Spain’s 15-M protests and the politics of “autonomy”
3 June 2011
Protesters in Madrid’s Puerta Del Sol square in Madrid have insisted to World Socialist Web Site reporters that the demonstrations by “los indigandos” have “no leadership” and are organised by “autonomous” collectives, commissions and assemblies. Above all, they stress, no parties should dominate over “the movement”.
However, there are political tendencies at work in every spontaneous movement. The issue is, what social forces do the various tendencies represent and what direction will they impart?
The insistence on “no politics” finds traction because of the widespread hostility to the major parties, including the ruling Socialist Workers Party of Spain (PSOE) and the Stalinist-led United Left. But its effect is to provide a political amnesty for these parties—and to facilitate the activities of various fake left groups whose overarching aim is to prevent any political challenge to the domination of the PSOE and the trade union bureaucracy.
The views of two representatives of the camp were typical: both said they did not belong to any political organisation and expressed hostility to both the PSOE, which is imposing mass austerity, and the conservative opposition Popular Party (PP).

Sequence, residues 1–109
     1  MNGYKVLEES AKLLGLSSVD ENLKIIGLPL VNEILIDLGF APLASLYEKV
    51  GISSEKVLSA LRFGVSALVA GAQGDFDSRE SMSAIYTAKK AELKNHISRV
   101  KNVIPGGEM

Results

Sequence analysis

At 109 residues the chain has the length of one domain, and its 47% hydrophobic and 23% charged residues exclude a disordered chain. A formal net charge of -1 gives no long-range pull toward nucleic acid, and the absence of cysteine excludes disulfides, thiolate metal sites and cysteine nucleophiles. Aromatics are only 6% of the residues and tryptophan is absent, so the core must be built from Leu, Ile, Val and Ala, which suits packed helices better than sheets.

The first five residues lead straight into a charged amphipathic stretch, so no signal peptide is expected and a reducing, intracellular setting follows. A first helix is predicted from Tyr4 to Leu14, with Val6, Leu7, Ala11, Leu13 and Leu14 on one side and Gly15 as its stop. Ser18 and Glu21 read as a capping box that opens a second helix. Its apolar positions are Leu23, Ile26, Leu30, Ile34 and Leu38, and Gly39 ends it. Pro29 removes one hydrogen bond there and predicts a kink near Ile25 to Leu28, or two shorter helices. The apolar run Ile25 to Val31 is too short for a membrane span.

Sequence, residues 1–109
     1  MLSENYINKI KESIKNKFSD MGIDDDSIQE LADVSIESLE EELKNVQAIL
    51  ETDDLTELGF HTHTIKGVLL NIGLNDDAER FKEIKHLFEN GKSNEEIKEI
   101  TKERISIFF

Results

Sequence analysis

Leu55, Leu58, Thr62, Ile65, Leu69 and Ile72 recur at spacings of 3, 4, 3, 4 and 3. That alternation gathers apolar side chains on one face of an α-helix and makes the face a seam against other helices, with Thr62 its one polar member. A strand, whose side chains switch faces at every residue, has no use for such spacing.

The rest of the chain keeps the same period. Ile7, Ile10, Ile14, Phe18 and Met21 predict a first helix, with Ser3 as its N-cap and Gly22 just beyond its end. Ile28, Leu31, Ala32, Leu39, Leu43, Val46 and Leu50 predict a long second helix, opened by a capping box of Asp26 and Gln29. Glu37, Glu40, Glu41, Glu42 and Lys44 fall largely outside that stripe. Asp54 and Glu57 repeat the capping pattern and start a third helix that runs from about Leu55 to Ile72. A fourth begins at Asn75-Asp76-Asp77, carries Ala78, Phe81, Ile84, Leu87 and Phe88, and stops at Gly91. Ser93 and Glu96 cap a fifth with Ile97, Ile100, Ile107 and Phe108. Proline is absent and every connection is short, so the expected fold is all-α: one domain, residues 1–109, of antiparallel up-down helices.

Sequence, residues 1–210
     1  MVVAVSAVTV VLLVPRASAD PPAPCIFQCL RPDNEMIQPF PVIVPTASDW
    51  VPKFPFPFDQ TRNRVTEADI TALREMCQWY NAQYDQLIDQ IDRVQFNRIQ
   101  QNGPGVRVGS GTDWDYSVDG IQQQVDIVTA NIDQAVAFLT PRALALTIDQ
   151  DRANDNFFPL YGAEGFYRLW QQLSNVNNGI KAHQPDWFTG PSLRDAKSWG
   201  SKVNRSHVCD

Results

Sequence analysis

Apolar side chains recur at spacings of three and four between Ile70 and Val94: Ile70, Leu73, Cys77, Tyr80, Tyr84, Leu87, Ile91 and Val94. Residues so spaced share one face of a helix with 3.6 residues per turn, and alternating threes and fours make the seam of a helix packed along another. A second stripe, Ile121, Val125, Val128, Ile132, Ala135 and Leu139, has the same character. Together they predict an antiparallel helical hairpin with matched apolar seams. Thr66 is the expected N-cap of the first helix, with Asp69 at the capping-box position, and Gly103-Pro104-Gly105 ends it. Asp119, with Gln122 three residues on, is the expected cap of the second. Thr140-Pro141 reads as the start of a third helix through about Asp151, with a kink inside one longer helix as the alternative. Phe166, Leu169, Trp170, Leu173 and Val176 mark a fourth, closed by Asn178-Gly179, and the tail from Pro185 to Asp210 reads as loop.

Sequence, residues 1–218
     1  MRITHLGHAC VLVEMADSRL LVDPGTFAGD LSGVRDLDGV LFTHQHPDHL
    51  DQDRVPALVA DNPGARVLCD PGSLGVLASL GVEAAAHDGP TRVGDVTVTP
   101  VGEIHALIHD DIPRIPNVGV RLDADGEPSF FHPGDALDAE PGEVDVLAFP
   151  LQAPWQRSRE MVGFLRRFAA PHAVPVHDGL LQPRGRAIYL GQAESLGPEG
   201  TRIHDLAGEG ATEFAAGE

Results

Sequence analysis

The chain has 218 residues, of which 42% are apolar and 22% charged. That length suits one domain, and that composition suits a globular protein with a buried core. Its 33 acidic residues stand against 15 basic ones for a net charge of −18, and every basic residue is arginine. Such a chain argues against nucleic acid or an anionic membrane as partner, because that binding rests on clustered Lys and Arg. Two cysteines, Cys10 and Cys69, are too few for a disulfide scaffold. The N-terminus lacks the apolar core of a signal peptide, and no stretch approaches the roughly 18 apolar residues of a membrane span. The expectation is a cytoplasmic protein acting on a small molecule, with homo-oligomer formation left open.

Marian Martínez Mondejas was clearly animated by the social concerns of middle class layers that dominate the core of the 15-M protests. “The small and medium businesses sustain the whole country,” she said. “If these go bankrupt more people lose their jobs”.
The “proposals of the movement are very coherent, they are being demanded by the whole people, and we are all conscious of what we want. We all must try and change the country, for a just and responsible politics.”
Such all-embracing references to “the people” and “just and reasonable politics” is at best naïve. But it is also inseparable from her opposition to mounting a political challenge to the PSOE. “It is not a struggle to destroy the government but for the government to change course,” she stressed. “They have to hear the voice of the people.”